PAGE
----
Despite them accounting for approximately 20 percent of NHL game time, special teams have been largely ignored when it comes to analytics. Considering the data available and its small sample size compared to even-strength, that is somewhat understandable, and there have certainly been attempts to properly quantify and assess power plays. So what do we know so far?
Special teams data analysis began largely with the late Tore Purdy (aka JLikens), one of the earliest hockey analytics innovators. The earliest found statistics-based special teams article discusses score effects on penalty calls. Purdy finds a significant score effect, with the trailing team receiving more calls. While he investigates whether this is a result of the trailing team having more possession of the puck, he finds that the bigger impact is simply in referee bias, similar to home ice advantage. Referees call more penalties on trailing teams because of the referee equivalent of loss aversion. It is natural to want to keep things even as much as possible, both in terms of the penalty count and the scoreboard. Later, Patrick D. of Fear the Fin confirmed this effect with a more complicated model to predict power play opportunities for teams. There also appears to be a repeatable skill in terms of drawing penalties on both the team and player level, as illustrated by Eric Tulsky here. The Calgary Flames appear to be a team that can affect its expected results by drawing more penalties than its opponent, while Nazem Kadri is one of the NHL’s positive penalty differential kings.
There have also been efforts at analyzing special teams performance. Purdy penned several innovative pieces in 2010 and 2011 that took what we were learning about the importance of shot attempt differentials and tested them on both power play and penalty kill samples. He concluded that with samples of 40 games, the best predictor of power play success was Fenwick (or unblocked shot attempts) per 60 minutes. On the penalty kill, however, he discovered that save percentage (due to largely the same goalie manning the team’s net) was more repeatable, and thus that goals against per 60 was a decent measure. The next year, Gabe Desjardins looked at how to appropriately regress power play results considering their small sample sizes, and backed up Purdy’s claims that shot rates were most predictive on the power play. Soon after, while discussing his Philadelphia Flyers, Tulsky did the same. Then, in 2013, Patrick D. took the analysis to the next step and looked at ten game intervals of prediction, among other interesting tests. He also found Fenwick to be most predictive on the power play, while combining Corsi against with goaltender performance yielded the best model performance for the penalty kill.
Considering it has been three years since that last study was performed, however — and we’ve gone through another lockout, yet another Chicago Blackhawks cup win, and even an John Scott all-star game appearance (well I guess not quite yet) since then — I felt it was time to update those results.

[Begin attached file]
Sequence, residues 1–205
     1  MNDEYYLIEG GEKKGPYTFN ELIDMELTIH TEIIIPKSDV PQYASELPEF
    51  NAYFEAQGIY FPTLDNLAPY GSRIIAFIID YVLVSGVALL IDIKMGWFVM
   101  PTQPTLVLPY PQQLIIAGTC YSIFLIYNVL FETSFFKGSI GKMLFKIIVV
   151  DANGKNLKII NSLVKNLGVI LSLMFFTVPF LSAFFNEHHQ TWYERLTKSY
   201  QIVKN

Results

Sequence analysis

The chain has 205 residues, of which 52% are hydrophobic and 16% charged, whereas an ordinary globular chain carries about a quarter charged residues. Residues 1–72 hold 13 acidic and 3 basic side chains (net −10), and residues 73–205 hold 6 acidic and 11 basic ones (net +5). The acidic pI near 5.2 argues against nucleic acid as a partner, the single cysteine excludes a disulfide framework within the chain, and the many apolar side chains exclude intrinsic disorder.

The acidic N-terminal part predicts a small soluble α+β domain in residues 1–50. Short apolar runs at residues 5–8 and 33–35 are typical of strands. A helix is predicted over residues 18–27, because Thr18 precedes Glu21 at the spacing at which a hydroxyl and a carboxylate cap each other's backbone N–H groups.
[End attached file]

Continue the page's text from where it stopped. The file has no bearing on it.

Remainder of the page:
Since most of my project will focus on the power play, I looked at how predictive Corsi, Fenwick, Shots on Goal, Scoring Chances, High Danger Scoring Chances, the War-On-Ice version of Exp. GF, and Goals are (all per 60 minutes, and thanks to War-On-Ice and nhlscrapr for the data) for the man advantage.
That chart features data since the last lockout, but after some power play analysis I did last year, I wanted to take a look at exclusively the last couple of years, because something looked fishy.
Unfortunately, since last look, our ability to effectively evaluate a power play using play-by-play data has taken a hit. It’s possible that this is just random variance, and that next year we’ll see a spike in predictive abilities, but until then, the jury is out on what to do with our data. It’s difficult to be too confident in anything we have.
Fortunately, analysts have made inroads into analyzing some of the more specific aspects of power play performance. In 2011, Desjardins did a great job in quantifying the value of a power play faceoff win, something I looked at recently in reference to a John Tortorella question as well.
Matt Cane discovered that teams should be using four forwards on the power play more than they are, a growing trend it seems and something that should continue to expand.
Eric Tulsky drew a fascinating conclusion from limited zone entry data about entering the offensive zone on the power play, finding that dump-ins, relative to even strength, are more beneficial than one would think because of the extra man’s utility in recovering the puck. That doesn’t necessarily mean that teams should dump the puck in more on the power play, just that it’s not as damaging in the aggregate, at least in terms of shot attempts, than at even strength.
Patrick Holden looked at the Washington Capitals and discovered on the other hand that controlled entries were a key to their success, and that the team struggled when forced to dump the puck in too much with the extra man. So results are mixed.
For the 2015-2016 season, I have been closely tracking power plays for the Capitals, Flyers, Tampa Bay Lightning, New York Islanders, Montreal Canadiens and Toronto Maple Leafs. I will be diving deeply into zone entry data, among other micro-stats, and will attempt to find ways to better evaluate and predict power play success under seemingly variance-dominated conditions. Follow along at www.nhlspecialteams.com and on Twitter @ArikParnass.